• The host innate immune system provides the first line of defense against microbial infection and mediates subsequent adaptive immunity. It is triggered by the recognition of intruding pathogens, components of which have been named pathogen-associated molecular patterns (PAMPs), by pattern recognition receptors (PRRs) expressed on the host cell (Cao 2016). PRR signaling results in the activation of interferon (IFN) regulatory factors (IRFs), nuclear factor κB (NF-κB), and other factors. Among IRFs, IRF3 is constitutively expressed in the cytosol in a latent form, because of its carboxy-terminal auto-inhibitory region (Sharma et al. 2003). In contrast, IRF7 is expressed at a low level and can be induced through the binding of IFNstimulated gene (ISG) factor 3 (ISGF3) to its promoter (Chen and Royer 2010). Upon stimulation, IRF3 and IRF7 undergo phosphorylation, leading to dimerization and translocation into the nucleus, which consequently results in the induction of IFN gene transcription (Yoneyama et al. 1998; Honda and Taniguchi 2006; Ikushima et al. 2013). In addition, IRF8 is involved in IFN expression by binding to the promoters of IFN genes (Tailor et al. 2007).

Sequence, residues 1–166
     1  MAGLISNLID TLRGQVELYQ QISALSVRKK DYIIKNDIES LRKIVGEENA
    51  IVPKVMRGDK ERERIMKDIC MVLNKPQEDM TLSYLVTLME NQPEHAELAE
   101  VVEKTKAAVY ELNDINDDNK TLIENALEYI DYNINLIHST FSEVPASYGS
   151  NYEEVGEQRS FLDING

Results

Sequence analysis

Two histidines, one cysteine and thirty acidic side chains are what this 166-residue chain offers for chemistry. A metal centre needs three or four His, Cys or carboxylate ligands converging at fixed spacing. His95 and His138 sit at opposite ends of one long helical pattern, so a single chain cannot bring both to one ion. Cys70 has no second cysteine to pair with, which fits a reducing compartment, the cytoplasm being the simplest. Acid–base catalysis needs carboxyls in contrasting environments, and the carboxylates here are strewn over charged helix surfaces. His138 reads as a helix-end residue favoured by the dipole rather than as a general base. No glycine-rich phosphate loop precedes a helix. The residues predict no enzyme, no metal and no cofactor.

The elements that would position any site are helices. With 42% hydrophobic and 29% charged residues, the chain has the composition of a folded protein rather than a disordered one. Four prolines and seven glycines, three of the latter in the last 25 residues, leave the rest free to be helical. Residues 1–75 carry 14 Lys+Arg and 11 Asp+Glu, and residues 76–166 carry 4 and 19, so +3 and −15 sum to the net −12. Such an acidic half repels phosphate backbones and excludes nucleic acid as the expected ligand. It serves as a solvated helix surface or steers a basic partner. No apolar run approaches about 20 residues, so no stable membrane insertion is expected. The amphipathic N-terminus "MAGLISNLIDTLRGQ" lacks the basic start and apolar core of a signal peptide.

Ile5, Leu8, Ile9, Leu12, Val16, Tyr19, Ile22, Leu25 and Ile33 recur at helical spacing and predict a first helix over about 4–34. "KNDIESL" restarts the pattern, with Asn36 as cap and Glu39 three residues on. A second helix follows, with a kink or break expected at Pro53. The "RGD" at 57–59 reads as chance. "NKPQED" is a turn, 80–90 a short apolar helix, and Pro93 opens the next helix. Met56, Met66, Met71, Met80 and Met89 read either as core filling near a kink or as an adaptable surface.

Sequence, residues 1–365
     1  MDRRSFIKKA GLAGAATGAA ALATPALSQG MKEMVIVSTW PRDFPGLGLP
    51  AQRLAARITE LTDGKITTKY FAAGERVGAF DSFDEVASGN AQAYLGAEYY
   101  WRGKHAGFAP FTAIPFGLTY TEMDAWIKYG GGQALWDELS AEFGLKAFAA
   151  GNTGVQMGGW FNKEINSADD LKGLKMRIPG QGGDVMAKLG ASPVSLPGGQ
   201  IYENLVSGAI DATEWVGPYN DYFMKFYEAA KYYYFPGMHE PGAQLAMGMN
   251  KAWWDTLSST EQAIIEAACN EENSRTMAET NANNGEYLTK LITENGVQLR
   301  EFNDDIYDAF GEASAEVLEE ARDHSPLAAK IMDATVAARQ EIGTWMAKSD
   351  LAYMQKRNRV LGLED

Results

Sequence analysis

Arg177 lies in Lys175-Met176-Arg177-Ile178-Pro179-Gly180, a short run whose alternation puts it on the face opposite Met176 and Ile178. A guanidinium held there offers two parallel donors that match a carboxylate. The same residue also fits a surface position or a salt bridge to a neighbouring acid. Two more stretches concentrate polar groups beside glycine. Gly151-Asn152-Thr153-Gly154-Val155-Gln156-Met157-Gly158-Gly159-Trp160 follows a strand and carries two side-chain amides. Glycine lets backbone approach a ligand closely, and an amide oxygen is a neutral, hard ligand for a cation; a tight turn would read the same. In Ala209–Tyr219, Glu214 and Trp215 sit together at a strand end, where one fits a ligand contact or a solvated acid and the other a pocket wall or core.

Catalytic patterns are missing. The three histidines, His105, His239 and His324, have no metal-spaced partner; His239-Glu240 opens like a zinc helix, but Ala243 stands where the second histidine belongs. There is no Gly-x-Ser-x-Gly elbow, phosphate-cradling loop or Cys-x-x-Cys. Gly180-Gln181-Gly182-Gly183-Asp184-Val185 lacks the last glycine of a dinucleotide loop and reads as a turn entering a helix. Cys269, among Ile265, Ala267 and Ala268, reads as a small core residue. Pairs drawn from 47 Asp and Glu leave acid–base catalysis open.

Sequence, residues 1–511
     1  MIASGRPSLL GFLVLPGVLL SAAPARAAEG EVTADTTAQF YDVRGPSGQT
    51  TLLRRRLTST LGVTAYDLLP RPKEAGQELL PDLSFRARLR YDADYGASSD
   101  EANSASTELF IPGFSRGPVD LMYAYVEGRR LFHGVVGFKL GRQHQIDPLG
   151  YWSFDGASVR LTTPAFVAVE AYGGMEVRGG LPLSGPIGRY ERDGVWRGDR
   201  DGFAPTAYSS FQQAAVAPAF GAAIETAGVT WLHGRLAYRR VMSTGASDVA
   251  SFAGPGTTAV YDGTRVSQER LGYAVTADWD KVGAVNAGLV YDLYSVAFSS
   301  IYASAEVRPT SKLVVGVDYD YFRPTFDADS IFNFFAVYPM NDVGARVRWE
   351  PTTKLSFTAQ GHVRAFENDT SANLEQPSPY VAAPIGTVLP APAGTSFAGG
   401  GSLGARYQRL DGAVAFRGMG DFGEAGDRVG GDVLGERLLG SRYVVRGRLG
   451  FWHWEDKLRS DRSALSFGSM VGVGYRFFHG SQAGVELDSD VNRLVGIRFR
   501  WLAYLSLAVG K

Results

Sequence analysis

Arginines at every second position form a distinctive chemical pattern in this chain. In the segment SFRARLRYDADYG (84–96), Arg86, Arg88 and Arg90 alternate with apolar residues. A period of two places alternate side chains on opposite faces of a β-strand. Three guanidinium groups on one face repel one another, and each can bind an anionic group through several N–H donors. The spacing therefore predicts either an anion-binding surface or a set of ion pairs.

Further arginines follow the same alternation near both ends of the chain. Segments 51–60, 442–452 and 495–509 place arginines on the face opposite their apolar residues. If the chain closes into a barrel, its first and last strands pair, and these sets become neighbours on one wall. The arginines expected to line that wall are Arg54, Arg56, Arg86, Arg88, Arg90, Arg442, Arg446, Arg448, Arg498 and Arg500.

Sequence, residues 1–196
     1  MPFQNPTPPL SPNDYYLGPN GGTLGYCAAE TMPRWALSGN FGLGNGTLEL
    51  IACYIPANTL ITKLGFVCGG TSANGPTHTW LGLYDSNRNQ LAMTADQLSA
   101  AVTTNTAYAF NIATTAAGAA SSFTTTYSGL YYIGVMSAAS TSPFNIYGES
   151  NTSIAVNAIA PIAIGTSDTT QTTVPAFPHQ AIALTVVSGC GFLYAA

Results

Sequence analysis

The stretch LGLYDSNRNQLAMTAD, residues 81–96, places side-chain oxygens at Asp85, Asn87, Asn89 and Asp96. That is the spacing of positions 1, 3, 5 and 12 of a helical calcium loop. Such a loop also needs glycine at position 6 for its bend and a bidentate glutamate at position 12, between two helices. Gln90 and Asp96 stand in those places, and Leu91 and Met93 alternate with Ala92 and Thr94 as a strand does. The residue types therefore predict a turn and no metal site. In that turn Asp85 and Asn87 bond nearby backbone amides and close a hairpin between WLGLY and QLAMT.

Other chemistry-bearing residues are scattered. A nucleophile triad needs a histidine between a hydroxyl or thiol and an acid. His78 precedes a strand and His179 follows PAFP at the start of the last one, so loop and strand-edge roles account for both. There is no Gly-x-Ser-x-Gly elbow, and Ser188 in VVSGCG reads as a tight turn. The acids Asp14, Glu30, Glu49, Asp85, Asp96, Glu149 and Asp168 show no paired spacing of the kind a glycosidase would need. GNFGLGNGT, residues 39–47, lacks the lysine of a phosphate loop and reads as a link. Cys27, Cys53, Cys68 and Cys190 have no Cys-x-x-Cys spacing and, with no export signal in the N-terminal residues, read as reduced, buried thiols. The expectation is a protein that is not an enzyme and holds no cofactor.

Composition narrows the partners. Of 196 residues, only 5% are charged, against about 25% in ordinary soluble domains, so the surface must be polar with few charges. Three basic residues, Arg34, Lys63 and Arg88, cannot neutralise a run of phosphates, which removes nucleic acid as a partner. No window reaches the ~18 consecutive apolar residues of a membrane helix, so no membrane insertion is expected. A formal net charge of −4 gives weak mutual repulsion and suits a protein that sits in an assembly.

It is widely known that type Ⅰ IFN (IFN-α and IFN-β) and type Ⅲ IFN (IFN-λ1, IFN-λ2, IFN-λ3, and IFN-λ4) play antiviral roles in response to viral infection (Schneider et al. 2014; Chen et al. 2018). For example, it was demonstrated that type Ⅲ IFNs exert inhibitory effect on porcine epidemic diarrhea virus (PEDV) replication, and that PEDV antagonizes its antiviral effects by interfering with IRF1 and NF-κB (Zhang et al. 2018). Following IFN expression, IFN-α and IFN-β bind with IFNAR, while IFN-λs bind with IFNL receptors (IFNLR), which stimulate the Janus kinase-signal transducer and activator of transcription (JAK-STAT) signaling pathway (Chen et al. 2016). Phosphorylated STAT1 and STAT2 interact with IRF9 to form ISGF3. Importantly, ISGF3 translocates into the nucleus and binds the IFN-stimulated response element (ISRE), which initiates the transcription of hundreds of ISGs (Schneider et al. 2014).